Lake County Jail inmates collected jobless pay
By Frank Abderholden email@example.com October 10, 2012 5:34PM
Updated: December 10, 2012 1:57AM
In what state officials are calling a pioneering move, the state agency in charge of unemployment checks cross checked names with jailed or imprisoned inmates and found more than 1,000 inmates getting benefits, including 16 in Lake County.
The Illinois Department of Employment Security announced Wednesday that 1,100 individuals face possible prosecution and must repay nearly $2 million in wrongfully paid unemployment benefits, although some of the inmates may not have known that someone was continuing to certify for benefits on their behalf.
“The inmate cross-matching initiative is another important step in rooting out waste, fraud and abuse,” said Jay Rowell, director of the IDES.
Lake County was listed as having 20 offenders and a total of $76,017 being paid out to inmates, who are ineligible for unemployment benefits because one stipulation is an individual must be available to work. Greg Rivera, IDES spokesman, said of the 20, four were stopped before they could receive any payments.
He said another six to eight were stopped after one payment. The largest payout in Lake County was $18,722 and the next highest was $8,496. The smallest was $57.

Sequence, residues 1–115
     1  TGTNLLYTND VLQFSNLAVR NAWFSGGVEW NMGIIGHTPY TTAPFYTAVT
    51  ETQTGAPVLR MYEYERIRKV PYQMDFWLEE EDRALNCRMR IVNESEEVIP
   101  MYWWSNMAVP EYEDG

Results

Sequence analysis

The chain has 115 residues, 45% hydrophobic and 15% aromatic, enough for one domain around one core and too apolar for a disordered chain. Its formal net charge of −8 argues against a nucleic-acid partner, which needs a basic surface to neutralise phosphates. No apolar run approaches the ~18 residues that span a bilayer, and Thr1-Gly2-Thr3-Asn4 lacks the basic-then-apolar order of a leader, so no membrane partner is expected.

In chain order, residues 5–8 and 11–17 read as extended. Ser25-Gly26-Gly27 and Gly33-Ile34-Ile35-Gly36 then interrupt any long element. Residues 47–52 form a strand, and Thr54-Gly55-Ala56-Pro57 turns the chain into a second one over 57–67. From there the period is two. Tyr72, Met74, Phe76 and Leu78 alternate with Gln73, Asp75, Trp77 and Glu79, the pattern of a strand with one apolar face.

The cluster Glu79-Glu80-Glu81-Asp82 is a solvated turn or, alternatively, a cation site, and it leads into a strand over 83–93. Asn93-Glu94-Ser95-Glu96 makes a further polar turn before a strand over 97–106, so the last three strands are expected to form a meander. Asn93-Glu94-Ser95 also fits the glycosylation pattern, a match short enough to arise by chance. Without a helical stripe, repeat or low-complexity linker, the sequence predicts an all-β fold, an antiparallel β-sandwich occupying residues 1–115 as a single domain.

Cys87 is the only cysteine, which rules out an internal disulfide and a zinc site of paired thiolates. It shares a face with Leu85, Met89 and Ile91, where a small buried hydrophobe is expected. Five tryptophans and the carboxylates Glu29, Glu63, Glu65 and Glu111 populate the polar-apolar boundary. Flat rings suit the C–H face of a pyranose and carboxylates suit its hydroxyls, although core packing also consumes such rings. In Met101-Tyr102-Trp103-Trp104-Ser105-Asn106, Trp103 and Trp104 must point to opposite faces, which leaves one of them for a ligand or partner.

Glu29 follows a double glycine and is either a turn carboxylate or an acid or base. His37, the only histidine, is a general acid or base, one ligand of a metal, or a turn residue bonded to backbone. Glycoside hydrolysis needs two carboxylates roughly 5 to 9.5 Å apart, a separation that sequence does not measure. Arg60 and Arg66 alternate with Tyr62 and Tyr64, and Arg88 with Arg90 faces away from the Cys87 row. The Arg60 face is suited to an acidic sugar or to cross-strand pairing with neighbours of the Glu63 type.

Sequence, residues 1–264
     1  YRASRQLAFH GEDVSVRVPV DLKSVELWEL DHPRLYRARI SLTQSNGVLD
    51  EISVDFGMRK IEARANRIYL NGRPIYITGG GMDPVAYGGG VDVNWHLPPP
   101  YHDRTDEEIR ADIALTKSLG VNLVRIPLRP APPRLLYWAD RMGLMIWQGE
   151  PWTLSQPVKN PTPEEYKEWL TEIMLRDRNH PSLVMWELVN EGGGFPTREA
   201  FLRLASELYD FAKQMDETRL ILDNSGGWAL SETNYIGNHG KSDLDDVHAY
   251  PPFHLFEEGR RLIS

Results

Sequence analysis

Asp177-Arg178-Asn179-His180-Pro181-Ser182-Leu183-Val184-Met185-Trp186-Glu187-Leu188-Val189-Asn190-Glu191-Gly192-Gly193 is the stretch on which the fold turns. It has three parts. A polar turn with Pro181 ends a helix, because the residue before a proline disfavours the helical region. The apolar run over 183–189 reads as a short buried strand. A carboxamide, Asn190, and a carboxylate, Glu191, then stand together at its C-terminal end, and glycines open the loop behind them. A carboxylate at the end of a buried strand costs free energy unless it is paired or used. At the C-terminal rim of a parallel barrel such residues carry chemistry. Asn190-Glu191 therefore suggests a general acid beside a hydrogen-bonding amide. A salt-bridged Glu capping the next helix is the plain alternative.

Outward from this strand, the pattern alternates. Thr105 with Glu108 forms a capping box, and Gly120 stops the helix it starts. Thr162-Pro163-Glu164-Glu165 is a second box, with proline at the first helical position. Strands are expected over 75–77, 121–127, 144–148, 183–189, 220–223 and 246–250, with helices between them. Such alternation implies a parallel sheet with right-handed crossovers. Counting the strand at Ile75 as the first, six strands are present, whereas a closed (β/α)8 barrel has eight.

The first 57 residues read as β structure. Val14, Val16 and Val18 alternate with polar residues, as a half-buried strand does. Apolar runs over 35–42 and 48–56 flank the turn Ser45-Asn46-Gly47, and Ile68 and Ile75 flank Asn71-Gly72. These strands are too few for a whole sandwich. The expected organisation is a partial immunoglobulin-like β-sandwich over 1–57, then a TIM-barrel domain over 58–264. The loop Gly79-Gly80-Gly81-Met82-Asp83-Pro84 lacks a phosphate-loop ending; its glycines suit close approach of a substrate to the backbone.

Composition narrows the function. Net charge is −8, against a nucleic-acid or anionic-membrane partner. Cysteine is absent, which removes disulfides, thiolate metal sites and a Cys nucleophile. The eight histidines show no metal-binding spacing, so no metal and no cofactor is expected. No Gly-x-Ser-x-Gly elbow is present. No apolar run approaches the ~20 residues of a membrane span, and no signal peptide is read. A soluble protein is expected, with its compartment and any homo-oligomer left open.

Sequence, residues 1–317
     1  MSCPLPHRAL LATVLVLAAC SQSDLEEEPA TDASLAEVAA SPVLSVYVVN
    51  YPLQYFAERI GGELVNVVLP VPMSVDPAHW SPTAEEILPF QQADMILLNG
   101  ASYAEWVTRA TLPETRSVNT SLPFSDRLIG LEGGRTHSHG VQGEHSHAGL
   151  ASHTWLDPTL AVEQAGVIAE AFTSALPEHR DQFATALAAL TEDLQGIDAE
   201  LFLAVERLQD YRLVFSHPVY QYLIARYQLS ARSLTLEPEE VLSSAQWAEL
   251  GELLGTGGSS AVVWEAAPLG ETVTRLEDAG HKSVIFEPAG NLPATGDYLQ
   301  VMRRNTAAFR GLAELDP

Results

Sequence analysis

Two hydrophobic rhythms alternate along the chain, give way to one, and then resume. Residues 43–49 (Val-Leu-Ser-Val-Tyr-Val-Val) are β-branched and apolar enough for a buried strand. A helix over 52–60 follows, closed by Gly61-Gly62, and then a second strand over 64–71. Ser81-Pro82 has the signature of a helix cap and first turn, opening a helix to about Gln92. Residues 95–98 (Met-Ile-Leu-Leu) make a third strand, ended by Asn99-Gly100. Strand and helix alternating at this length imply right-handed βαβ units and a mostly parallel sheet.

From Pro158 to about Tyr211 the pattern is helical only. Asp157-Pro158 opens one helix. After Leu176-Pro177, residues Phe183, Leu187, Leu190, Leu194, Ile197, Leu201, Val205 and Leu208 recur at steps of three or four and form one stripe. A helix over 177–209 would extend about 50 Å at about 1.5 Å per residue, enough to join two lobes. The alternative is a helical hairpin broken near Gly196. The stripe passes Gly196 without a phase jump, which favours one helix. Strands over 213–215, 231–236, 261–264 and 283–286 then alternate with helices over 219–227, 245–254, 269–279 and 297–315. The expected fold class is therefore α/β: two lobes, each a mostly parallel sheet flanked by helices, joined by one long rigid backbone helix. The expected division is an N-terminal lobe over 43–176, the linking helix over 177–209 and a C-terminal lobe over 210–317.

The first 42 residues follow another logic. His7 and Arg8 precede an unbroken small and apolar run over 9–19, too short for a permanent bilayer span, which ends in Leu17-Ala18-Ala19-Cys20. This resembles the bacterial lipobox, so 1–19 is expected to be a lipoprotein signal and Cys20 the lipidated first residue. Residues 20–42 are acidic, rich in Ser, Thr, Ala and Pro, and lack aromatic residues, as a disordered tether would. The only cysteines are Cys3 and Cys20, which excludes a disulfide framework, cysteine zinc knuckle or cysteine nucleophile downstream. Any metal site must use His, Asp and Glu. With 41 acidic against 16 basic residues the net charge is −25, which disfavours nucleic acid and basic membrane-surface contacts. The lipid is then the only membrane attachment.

The largest statewide payment was just short of $43,000 to a Cook County inmate. The most an inmate could collect is 99 weeks of unemployment.
The cross-checking program began in July and the IDES hired an outside contractor for $25,000 to compile the list of inmate names; then the office matched them to those receiving benefits from the IDES. Director Rowell said the money for unemployment comes from state businesses.
The IDES will seek repayment of the money and garnish federal and state tax returns if necessary. They will also prohibit those individuals from collecting future unemployment benefits as long as the debt is outstanding. Some of the cases will also be recommended for prosecution.
Rivera explained that not all the cases would necessarily be prosecuted because of costs, and they filtered out cases where someone may have spent a weekend in jail and then was released, but appeared on the cross-check list.
Rowell said it was unlikely that jail officials and local prosecutors could have prevented the wrongful payments. The IDES only makes payments to a bank account or debit card. Inmates could not have had payments sent to the commissary where they can buy items.
Lake County Sheriff Mark Curran said the program was a good thing. “I commend them for doing this,” he said.
He added that he was glad “Gov. Quinn is waking up to that fact that people are tapping into a pool for legitimate people.”